This is a banner week for people who think good design contributes to better health.
On Monday, DiabetesMine and the California HealthCare Foundation launched the 2010 DiabetesMine Design Challenge. Last year the contest garnered more than 150 entries and awarded a grand prize, a “most creative” prize, and a kids’ category prize. I can’t wait to see what people come up with this year — please help spread the word.
Today, Project HealthDesign announced the five winners of their two-year grant and mentorship program aimed at encouraging the use of observations of daily living (ODLs) into clinical practice.
Patti Brennan, Project HealthDesign’s national program director, wrote:
Our premise is that ODLs can help unlock information that is typically not part of the clinical experience – but that providers and patients absolutely need to be talking about. To help us test this with real people and real providers, we have selected five outstanding grantee teams for an intensive two-year demonstration projects to test whether and how information – such as the stress levels of caregivers of premature infants and medication or cooking routines of seniors at risk of cognitive decline – can be collected, interpreted and acted upon by patients and clinicians in real-world clinical settings.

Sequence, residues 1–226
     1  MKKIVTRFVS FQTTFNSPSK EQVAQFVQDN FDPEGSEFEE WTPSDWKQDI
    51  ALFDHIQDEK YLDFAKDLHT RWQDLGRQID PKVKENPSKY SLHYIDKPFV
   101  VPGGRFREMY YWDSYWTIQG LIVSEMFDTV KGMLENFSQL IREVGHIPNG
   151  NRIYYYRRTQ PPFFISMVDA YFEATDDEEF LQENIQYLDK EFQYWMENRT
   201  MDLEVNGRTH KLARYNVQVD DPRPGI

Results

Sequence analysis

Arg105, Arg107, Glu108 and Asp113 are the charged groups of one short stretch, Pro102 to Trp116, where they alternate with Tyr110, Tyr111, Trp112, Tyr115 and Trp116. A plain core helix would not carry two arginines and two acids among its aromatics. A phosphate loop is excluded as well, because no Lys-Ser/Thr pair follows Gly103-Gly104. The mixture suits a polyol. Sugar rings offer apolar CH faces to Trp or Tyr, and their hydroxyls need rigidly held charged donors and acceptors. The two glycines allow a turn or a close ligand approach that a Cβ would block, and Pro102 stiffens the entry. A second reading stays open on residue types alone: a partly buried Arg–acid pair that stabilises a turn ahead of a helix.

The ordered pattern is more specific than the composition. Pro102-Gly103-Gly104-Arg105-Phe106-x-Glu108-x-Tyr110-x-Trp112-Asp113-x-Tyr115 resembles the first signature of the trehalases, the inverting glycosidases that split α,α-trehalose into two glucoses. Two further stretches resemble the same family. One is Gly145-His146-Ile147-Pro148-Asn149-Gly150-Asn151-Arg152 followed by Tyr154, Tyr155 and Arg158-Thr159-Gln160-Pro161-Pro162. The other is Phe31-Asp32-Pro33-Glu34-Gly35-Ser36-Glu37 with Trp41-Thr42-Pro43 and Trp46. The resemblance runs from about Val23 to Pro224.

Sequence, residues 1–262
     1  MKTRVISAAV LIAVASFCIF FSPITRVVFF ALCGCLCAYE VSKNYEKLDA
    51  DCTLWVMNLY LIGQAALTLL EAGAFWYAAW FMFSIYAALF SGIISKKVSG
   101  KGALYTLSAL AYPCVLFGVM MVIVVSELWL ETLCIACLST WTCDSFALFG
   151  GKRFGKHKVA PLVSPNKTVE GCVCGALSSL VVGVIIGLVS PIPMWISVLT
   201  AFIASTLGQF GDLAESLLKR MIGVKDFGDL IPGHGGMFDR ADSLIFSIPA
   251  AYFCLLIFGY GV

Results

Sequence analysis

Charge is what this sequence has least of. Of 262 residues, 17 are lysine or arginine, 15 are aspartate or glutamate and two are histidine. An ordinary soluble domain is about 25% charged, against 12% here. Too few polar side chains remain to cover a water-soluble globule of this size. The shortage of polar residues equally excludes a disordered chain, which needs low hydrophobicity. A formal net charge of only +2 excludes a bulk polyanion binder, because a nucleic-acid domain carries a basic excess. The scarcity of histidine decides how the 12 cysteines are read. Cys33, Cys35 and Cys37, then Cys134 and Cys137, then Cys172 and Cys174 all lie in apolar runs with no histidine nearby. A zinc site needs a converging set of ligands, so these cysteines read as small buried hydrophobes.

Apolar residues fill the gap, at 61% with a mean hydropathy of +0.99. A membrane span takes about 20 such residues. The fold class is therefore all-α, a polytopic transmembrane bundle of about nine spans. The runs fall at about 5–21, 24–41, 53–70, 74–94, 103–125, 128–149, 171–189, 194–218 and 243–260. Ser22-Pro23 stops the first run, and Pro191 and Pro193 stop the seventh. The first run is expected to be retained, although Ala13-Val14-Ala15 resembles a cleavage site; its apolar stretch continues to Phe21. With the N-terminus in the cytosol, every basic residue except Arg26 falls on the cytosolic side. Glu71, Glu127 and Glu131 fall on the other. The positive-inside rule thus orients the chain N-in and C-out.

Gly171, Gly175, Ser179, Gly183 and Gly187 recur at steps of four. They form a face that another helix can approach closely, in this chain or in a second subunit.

I am honored to be on Project HealthDesign’s national advisory committee, although I should hasten to say that because of the Pew Research Center’s strict policies I did not vote for or against projects. I did, however, read proposals and participate in the debates about the merits of each one. The process was a highlight of 2009 for me. There is no shortage of excellent ideas, each of which strives to create a more participatory future for health care.
DiabetesMine and Project HealthDesign are just two examples of how design is taking center stage in health care initiatives. What else are you seeing? What else needs to be done? How else can the field rise to the challenge that Jamie Heywood articulated at TEDMED:
“Wouldn’t it be great if the technology we used to take care of ourselves was as good as the tech we use to make money?”
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